From Joel Barlow
Paris 26 Oct. 1801—
Mr. Fulton’s letter giving an account of his experiments in submarine navigation is to accompany this. In the present state of the naval system of Europe every project for establishing the liberty of the seas on a permanent basis seems to be attended with so many difficulties that I am sometimes inclined to think the one he proposes may be found the most simple as well as the most effectual that has hitherto been devised. It seems to promise one advantage over mere conventions or agreements whether armed or unarmed, which is the physical certainty with which it may operate in putting the great military navies at the mercy of the minor Powers whose interest in the liberty of the seas is manifest. And if this project is adopted its execution will not depend on the faith of treaties, nor on the caprice or corruption of ministers. But if some such as this cannot be recieved, and no convention for an Armed or unarmed Neutrality can be relied on, the prospect for civilization is frightful. We must all turn pirates abroad & tax gatherers at home. England has now about 200 ships of the line. France to cope with her must have about 300 as soon as possible. by that time England will encrease her number, & so on. Where is this to end? If we mean to provide for our safety in the same way how many ships must we have? And what is to become of political & civil liberty under such a system.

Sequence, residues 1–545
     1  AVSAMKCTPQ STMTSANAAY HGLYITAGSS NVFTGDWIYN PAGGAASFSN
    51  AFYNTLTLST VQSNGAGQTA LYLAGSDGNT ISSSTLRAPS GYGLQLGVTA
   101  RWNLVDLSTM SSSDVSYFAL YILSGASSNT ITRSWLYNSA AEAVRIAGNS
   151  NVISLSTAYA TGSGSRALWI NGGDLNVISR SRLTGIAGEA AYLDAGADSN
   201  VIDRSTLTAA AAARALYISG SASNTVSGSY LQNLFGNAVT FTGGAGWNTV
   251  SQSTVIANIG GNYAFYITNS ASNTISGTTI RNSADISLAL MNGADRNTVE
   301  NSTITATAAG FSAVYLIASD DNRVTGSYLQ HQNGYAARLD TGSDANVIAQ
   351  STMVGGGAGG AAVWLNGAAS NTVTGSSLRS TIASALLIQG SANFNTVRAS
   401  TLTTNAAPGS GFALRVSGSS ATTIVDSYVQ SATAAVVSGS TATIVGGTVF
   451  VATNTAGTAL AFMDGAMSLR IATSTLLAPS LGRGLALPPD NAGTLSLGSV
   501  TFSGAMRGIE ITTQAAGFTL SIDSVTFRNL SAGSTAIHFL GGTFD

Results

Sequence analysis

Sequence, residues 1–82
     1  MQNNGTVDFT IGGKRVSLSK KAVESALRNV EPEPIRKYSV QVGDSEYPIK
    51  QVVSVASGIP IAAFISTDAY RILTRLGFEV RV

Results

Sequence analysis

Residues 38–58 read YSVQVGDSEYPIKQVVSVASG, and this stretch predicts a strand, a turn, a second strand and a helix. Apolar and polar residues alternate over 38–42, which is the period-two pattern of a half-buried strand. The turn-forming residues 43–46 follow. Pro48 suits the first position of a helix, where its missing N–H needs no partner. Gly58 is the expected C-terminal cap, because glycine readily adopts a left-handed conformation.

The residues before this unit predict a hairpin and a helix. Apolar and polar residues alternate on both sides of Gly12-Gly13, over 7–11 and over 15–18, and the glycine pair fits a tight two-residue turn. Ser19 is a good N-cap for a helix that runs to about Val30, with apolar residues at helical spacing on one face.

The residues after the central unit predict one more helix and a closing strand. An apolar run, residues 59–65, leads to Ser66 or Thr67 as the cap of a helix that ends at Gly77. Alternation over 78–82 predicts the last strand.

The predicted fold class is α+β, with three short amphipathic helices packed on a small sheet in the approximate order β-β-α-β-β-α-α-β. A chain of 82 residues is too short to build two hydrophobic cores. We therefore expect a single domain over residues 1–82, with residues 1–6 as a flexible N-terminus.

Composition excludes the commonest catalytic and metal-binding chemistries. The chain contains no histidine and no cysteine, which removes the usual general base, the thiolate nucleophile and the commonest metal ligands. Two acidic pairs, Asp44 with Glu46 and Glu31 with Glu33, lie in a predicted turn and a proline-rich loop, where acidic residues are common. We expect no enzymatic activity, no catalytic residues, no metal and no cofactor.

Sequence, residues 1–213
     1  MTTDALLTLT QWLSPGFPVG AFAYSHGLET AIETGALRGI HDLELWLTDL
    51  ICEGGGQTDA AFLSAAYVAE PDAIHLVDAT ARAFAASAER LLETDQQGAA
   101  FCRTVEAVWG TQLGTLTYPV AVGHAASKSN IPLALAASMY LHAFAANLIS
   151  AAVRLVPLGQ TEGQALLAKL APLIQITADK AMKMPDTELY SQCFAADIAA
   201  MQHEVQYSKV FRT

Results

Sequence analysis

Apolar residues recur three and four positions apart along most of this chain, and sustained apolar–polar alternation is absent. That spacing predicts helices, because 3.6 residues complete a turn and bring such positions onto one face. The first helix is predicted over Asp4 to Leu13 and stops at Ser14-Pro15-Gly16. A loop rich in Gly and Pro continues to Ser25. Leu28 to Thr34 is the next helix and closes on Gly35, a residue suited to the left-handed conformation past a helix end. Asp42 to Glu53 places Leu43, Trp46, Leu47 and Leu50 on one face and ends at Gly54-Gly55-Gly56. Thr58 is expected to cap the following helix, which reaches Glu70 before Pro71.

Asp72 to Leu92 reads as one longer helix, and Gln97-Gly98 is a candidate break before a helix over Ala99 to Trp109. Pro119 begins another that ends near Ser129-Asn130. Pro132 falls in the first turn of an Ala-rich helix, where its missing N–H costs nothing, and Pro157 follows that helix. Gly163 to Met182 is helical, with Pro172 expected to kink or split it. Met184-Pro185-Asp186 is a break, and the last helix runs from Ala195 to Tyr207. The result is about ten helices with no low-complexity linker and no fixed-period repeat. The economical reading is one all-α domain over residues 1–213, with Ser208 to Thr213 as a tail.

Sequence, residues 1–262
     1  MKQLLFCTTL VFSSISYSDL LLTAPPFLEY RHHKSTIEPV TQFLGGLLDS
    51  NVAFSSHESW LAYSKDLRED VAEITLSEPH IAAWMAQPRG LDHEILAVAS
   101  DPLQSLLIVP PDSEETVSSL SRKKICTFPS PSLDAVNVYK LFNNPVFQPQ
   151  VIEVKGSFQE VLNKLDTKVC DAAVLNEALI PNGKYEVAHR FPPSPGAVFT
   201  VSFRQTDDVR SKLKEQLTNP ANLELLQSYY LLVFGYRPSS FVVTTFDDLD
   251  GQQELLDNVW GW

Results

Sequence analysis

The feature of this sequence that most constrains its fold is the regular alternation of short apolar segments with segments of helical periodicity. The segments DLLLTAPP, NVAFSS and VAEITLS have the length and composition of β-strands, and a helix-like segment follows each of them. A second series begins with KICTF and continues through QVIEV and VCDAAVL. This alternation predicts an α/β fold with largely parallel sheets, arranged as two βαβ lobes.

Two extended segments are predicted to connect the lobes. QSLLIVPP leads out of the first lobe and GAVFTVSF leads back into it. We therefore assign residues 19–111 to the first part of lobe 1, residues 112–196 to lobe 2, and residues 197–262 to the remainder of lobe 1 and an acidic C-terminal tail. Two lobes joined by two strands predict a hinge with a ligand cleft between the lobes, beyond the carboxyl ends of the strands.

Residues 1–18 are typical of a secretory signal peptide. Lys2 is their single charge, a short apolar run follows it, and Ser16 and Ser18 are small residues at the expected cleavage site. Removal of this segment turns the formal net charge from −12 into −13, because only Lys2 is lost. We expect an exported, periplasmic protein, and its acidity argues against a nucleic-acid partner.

It seems to me that this subject is among the first that the present interval of peace ought to offer to the consideration of statesmen in all countries, especially to those of the United States, where prejudice is not yet so strong as to force us to reject a principle merely because it is new, without examining whether it be right or wrong.
It is now probable that Louissiana is to belong to France. in this case we are to be flanked on each wing by the two strongest Maritime Powers. This may furnish an additional motive to us to look out for the most effectual as well as the most easy & pacific mode of defence.
I take the liberty of adding on this occasion that Mr. Fulton is not only a mechanical genius of great eminence, but he is well nourished in the principles of republican liberty, and those of political economy, and his talents are as disinterestedly devoted to public improvement as those of any man I know. I hope he will return to America with me in the spring.
I am, Dr. Sir, with great respect your obt. & very hume. Sert.
RC (DLC); addressed: “To Thomas Jefferson President of the United States”; endorsed by TJ as received 11 Feb. 1802 and so recorded in SJL.
Robert Fulton’s letter, dated 22 Oct. and recorded in SJL as received from Paris on 11 Feb. 1802, has not been found. Barlow had previously mentioned Fulton’s experimentation in submarine navigation in a letter to TJ of 15 Sep. 1800 (Vol. 32:143, 144n).